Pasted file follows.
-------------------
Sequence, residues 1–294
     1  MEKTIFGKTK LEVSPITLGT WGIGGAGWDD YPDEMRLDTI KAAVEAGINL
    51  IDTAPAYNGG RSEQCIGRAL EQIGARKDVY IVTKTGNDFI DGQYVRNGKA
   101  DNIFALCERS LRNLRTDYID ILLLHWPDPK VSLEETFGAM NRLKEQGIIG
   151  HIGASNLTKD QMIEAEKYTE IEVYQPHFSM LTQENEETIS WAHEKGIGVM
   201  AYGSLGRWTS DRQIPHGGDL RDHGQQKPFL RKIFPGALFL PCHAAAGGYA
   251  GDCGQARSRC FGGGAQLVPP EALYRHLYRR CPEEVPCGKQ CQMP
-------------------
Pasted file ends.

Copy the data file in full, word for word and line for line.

Sequence, residues 1–294
     1  MEKTIFGKTK LEVSPITLGT WGIGGAGWDD YPDEMRLDTI KAAVEAGINL
    51  IDTAPAYNGG RSEQCIGRAL EQIGARKDVY IVTKTGNDFI DGQYVRNGKA
   101  DNIFALCERS LRNLRTDYID ILLLHWPDPK VSLEETFGAM NRLKEQGIIG
   151  HIGASNLTKD QMIEAEKYTE IEVYQPHFSM LTQENEETIS WAHEKGIGVM
   201  AYGSLGRWTS DRQIPHGGDL RDHGQQKPFL RKIFPGALFL PCHAAAGGYA
   251  GDCGQARSRC FGGGAQLVPP EALYRHLYRR CPEEVPCGKQ CQMP